Blogs and information overload

overloadThis morning it happened to me to read a post by Jason Falls from his blog “Social Media Explorer”, and an article by Michael Kinsley from ‘Time’ magazine (I found it also in the website), that made me think a lot; so that I’d like to share them with you.

Apparently, they seem far from each other, not only because of the kind of media. The post title is ‘How to use links and linking effectively”; the article title is “Too much information. The campaign turned us all into news junkies. But how many blogs does the world really need”.

Especially, I was affected by comparing two sentences.

By Jason Falls’ post:

“As you can see from this post, plenty of links is certainly not a problem. If it adds context, supplements the content in a relevant way or points people to useful sites or tools you mention, link away”

I strongly agree, that’s true. Linking is one of the best strategy to create exposure to your blog. A blogger needs links!

Then, from Michael Kinsley article:

“But aggregation has become a hall of mirrors. “Did you see Romenesko this morning? Yeah, very interesting. He’s got a link to a piece in LA Observed that links to a column on the London Times website where this guy says that a Russian blogger is saying that Obama will make Sarah Palin Secretary of State.”

“Wow. Sounds true. Where did the Russian guy get it?”

“He says it was in Romenesko.”

After having read this sentence I wonder how many times I get lost by reading a post then following a link, running after information…

Well, I think that the problem is the information overload. As there are many blogs worth reading. And each one links to other information and blogs.

As I like to ‘dig’ information, it’s very difficult to limit my readings, or to omit many links in my post.

I believe that with some experience and having time limits, every reader could be able to choose or skip information at a first glance.

I think the more we can read and write, the more democracy is represented. Even though sometimes it can be a little bit difficult.

What’s your opinion?


South Africa: Mandela at 90

Photogragh by Andrew Zuckermann

This week “Time” dedicates its cover to Nelson Mandela, one of most important leader of our ages, to celebrate his 90th birthday in a significant way.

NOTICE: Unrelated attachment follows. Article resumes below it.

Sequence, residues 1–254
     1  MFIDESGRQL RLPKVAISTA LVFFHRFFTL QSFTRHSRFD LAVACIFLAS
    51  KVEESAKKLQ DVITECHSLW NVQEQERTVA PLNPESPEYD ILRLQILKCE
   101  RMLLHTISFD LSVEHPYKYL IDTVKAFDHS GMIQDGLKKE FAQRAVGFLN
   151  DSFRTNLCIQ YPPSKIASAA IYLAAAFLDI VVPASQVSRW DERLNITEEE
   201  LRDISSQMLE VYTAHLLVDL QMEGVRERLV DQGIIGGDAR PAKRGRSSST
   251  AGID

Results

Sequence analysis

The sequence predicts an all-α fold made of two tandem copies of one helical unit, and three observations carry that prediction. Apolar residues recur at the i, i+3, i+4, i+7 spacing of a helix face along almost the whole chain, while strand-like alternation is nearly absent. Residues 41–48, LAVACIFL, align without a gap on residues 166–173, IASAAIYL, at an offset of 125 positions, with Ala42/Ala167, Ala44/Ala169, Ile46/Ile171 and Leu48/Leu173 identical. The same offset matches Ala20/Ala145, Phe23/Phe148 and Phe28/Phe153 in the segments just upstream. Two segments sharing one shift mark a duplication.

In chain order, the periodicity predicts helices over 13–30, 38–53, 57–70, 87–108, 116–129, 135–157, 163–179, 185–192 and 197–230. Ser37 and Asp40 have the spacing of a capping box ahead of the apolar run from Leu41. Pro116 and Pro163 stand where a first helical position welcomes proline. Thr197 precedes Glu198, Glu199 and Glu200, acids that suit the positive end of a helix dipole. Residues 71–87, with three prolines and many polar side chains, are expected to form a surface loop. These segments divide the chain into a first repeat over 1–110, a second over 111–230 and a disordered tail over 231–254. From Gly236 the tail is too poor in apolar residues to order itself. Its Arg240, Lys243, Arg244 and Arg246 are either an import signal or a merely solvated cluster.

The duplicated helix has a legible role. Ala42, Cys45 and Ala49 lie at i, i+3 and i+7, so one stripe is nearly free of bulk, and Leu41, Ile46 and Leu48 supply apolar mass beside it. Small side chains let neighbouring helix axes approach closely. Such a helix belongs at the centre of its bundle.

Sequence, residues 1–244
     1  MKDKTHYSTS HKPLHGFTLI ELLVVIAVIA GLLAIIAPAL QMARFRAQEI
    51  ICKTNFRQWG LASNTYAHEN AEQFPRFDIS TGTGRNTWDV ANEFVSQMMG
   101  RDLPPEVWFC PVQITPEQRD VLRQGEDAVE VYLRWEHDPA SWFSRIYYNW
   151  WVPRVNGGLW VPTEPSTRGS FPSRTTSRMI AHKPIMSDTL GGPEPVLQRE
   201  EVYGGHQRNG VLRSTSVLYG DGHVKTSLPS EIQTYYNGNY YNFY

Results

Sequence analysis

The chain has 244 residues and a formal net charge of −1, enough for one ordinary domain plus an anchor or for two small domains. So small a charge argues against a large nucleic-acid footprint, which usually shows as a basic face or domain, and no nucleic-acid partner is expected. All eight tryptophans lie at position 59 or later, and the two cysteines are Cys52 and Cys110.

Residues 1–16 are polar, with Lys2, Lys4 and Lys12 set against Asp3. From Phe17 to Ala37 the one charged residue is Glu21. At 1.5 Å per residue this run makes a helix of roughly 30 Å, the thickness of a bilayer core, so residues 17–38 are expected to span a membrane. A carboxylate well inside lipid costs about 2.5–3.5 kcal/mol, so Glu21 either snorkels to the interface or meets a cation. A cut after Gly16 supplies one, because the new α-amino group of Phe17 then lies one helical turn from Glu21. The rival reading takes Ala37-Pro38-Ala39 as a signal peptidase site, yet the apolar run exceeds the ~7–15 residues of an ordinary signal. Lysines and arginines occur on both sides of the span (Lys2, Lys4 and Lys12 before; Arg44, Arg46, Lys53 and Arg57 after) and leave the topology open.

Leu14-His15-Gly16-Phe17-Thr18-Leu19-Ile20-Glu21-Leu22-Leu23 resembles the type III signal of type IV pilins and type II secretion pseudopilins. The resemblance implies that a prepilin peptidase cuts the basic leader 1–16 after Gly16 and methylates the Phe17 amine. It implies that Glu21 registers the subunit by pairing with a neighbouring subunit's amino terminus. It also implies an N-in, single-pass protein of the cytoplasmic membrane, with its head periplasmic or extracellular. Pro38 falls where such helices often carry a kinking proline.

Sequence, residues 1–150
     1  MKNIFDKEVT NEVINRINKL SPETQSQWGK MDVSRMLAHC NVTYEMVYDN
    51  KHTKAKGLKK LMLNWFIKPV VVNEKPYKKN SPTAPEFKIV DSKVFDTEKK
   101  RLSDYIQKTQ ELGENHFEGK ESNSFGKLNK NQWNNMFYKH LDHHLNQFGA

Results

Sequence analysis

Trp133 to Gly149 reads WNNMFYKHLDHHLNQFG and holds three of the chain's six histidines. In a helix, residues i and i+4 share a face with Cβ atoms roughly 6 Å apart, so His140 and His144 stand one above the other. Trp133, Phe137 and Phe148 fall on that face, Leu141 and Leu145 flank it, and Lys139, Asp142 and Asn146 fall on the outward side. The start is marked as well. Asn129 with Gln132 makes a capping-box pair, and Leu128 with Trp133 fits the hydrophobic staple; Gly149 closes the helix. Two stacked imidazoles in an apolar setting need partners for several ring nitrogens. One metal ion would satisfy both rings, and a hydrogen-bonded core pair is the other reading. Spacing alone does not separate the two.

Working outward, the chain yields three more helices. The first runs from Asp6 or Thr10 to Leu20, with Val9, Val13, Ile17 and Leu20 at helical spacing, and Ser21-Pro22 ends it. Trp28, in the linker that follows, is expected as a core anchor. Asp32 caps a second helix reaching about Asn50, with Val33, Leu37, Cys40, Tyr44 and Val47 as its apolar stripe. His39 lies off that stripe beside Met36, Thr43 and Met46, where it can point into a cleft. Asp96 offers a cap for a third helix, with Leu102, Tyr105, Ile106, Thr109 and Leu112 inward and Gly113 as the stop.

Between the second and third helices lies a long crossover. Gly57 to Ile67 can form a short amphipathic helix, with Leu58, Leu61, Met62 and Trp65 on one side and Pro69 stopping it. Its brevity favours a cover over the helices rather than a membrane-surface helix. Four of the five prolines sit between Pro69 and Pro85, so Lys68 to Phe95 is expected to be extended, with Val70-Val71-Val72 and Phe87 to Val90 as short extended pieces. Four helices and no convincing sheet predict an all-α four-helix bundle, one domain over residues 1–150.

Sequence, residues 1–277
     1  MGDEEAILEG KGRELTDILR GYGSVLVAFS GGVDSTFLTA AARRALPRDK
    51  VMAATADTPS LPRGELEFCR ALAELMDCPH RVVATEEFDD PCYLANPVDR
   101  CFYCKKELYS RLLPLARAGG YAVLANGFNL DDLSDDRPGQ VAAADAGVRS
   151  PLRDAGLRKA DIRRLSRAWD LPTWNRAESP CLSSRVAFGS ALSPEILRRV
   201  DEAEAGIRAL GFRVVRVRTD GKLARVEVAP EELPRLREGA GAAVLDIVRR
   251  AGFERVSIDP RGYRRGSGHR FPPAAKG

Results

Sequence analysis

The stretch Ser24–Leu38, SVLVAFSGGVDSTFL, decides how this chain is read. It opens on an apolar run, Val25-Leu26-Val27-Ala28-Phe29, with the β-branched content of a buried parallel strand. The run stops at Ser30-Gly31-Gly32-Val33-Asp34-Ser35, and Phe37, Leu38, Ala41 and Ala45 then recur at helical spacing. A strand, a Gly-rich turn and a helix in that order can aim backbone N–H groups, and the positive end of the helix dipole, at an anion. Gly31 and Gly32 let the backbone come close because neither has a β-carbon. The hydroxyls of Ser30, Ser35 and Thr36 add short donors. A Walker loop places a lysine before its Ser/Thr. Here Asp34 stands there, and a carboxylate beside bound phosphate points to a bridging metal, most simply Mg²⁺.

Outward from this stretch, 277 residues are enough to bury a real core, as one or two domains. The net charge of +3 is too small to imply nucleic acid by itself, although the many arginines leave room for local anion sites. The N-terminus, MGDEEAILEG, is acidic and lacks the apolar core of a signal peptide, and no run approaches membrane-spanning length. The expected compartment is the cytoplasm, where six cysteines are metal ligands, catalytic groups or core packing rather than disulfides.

On July 18th, the day of his 90th birthday, Nelson Mandela gave this message to the world: “There are many people in South Africa who are rich and who can share those riches with those not so fortunate who have not been able to conquer poverty. Poverty has gripped our people. If you are poor, you are not likely to live long.”

Why is this man so important not only for South Africa? In order to better understand, just take a step backward to Mandela’s life and South Africa recent history.

Mandela was born in South Africa on July 18, 1918. He graduated in law.

He joined the African National Congress at the age of 26 and was engaged in resistance against the ruling National Party’s apartheid policies after 1948. From 1964 to 1982, he was incarcerated at Robben Island Prison, off Cape Town; thereafter, he was at Pollsmoor Prison, nearby on the mainland until 1990.

During his years in prison, Nelson Mandela’s reputation grew steadily. He was widely accepted as the most significant black leader in South Africa and became a potent symbol of resistance as the anti-apartheid movement gathered strength. He consistently refused to compromise his political position to obtain his freedom.

In 1986 strong foreign sanctions were tightened to South Africa, which lost an estimated $ 4 billion over two years.

In 1990 the president of South Africa K.W de Klerk released Nelson Mandela, and in 1993 Mandela and DeClerk are awarded the Nobel Peace Prize.

In 1994 was held the first democratic election in South Africa, and Mandela was elected President with de Klerk as deputy. Mandela’s presidency was characterised by the successful negotiation of a new constitution; a start on the massive task of restructuring the civil service and attempts to redirect national priorities to address the results of apartheid; and the Truth and Reconciliation Commission, set up primarily to investigate the wrongs of the past.

Mandela retired from politcs in 1999, but he is continuing his work through his foundation. He is involved in a global HIV/AIDS awareness campaign, and in many scholarship programs throughout South Africa.

In spite of the big problems that still affect South Africa, such as poverty and AIDS, this Country, with its democratic transformation, represents a hope for all the African countries.

South Africa will have another great chance to demonstrate reconciliation through sports, as the world’s greatest sporting showpiece, the Fifa World Cup, will come to Africa for the first time in 2010.

If you’d like to read more:,8599,1821467,00.html